He differs from several interpretations attributed to the motive behind the video including the claim that it is a deliberate ploy to demarket Nigerian universities and thereby making universities in UK attractive to prospective admission seekers from Nigeria. “Look, everyone is entitled to their opinion. The issue is: the documentary covered not just Nigeria but Ghana as well. So, that argument will not stand. Besides, those who go to study in the UK or any other country for that matter go there for various reasons including academic, completion time, employability, international exposure and network etc. As such, I think issues such as immorality might be of secondary consideration if at all.”
 
“University campuses in the UK generally, are governed by decorum,” he explained further, “Lecturers have to act professionally at all times. Otherwise, they will face the music. Everyone understands the red lines and are held accountable for their actions.”

Personally, as a lecturer, humility remains his watchword. He is also passionate about his integrity. “You must ensure that your integrity is intact. Don’t soil your hands or bend rules. It has its own disadvantages because people can begin to call you names, but if you maintain your principles, it helps. A time would come when they would recognise it for you. That is who you are. Then, do it for a heavenly reward, not worldly recognition. I never dreamt of being recognised like this because I wasn’t doing it for that. I just want to be the best I can, and impact humanity the best way I could. So, if you do it that way, other things would naturally be added. In a nutshell, be good to others. What you would not like others to do to you, don’t do it to others. Then be steadfast in your principles. And above all, put God first. That means that you give to fulfil what God wants. It can be difficult, I would be honest, but if you remain steadfast, God would make it easy for you.”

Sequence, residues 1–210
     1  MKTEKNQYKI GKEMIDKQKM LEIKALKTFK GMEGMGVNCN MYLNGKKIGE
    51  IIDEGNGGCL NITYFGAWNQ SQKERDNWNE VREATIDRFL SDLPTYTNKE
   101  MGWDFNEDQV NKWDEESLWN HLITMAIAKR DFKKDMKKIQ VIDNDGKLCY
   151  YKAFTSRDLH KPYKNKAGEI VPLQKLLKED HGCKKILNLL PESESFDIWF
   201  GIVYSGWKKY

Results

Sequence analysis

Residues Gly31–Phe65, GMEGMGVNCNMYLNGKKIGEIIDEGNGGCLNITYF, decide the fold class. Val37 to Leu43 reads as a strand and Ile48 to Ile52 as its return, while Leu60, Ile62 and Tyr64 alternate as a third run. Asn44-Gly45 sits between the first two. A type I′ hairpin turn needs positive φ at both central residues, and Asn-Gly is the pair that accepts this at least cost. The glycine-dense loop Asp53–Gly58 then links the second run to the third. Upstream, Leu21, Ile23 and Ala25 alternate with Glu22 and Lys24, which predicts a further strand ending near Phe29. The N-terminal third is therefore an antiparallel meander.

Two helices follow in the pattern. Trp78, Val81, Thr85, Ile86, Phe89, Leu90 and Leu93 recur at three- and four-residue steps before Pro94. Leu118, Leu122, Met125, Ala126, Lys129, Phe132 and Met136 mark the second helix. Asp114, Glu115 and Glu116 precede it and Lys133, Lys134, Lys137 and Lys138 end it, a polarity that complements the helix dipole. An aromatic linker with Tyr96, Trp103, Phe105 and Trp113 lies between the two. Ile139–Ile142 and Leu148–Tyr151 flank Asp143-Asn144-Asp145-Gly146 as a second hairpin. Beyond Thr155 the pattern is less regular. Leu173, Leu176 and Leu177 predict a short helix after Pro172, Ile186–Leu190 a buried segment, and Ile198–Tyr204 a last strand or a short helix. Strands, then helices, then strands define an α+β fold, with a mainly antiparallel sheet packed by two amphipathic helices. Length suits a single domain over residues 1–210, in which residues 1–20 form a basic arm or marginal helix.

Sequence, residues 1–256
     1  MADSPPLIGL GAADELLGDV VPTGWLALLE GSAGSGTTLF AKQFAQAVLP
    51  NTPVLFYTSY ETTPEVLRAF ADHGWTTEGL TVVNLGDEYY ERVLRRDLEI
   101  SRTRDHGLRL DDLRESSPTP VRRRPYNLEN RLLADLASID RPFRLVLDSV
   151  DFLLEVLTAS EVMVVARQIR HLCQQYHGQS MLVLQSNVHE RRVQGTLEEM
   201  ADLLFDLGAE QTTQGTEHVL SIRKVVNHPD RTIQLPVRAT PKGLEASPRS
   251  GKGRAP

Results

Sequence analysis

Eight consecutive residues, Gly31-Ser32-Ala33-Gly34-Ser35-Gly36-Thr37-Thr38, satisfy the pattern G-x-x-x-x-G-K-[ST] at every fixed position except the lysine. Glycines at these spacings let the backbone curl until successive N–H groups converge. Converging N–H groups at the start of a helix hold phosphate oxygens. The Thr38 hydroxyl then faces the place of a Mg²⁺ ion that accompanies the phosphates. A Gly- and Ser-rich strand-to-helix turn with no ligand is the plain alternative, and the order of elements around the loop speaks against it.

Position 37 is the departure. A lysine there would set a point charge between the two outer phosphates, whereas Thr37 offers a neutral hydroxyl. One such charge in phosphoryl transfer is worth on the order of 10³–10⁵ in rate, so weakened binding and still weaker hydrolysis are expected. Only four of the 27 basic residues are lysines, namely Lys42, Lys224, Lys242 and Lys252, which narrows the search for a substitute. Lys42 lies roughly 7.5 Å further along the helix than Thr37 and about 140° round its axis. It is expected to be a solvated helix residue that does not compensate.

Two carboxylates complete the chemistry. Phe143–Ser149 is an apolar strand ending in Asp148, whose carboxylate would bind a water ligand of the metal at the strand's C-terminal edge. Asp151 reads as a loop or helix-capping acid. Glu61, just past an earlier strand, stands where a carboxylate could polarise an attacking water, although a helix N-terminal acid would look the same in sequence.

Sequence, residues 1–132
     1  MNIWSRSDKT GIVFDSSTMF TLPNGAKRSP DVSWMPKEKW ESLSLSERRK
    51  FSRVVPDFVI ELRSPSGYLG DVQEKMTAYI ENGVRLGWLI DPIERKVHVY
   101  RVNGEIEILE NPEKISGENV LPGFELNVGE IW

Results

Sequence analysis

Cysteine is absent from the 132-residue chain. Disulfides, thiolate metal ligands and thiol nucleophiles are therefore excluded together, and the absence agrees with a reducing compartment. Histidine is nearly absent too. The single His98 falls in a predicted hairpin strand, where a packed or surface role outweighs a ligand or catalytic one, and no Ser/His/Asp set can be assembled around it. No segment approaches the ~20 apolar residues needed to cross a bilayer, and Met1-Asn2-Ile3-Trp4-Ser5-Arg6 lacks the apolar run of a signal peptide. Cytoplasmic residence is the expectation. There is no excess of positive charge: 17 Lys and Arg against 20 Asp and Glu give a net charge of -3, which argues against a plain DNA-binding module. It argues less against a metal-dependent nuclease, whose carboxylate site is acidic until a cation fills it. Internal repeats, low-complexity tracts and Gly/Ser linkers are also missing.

Does being a Muslim have any influence on his academic exploits in the UK? “I would say that if you are fortunate to come from a home that moulds you in terms of character building, and you are fortunate to imbibe those principles in life, it really helps. So, at the primary and secondary school levels, you just carry on doing the best you are able to do.

“However, it is others that would be thinking, maybe, this is extraordinary, but you are only doing the normal thing you think is right.

Then, I would say being consistent is important; not being allowed to be swayed by societal or material influences.

“If you remain focused and resilient, then most probably you would attain your goal. Nothing good comes easy. It is through thick and thin. But if you are resilient, without compromising your ideas, you will get what you want with the help of God.”

What other passion does he have outside lecturing? “I am a family man. I enjoy interacting with my family and spending quality time with them. I do charity as well. I am the chairman of the second-largest Islamic charity organisation in the world, ‘Human Appeal’. So, I spend time on that and spend time in the community inspiring young folks, particularly from the ethnic minority groups in the UK. They need a role model and somebody that would guide them on the right path, so they can contribute to the community and achieve their dreams.”

If offered a lecturing appointment here in Nigeria, will Prof. Omoteso accept it? “It would depend on the terms. I have seen people who have come and they have not allowed them to work with their conscience. I would not take a job that wouldn’t afford me to make an impact, or that would spoil my image. 

“So, there would be terms and conditions and if they are favourable, I would. I am not asking for anything, just allow me to do my work without interference. If they would allow you to do it, you would do well. We are doing it in the UK, so why can’t we do it here. And they appreciate hard work, and good effort when they see it. It doesn’t matter whether you are black or white, they would acknowledge that.”

For him, leisure entails watching news programmes, or reading newspapers or news online. “Then, I spend time with my friends. I have a group of friends in Leicester, and at least once in a week, we gather for two or three hours, to chill out or relax,” he said.


Receive News Alerts on Whatsapp: +2348136370421

No comments yet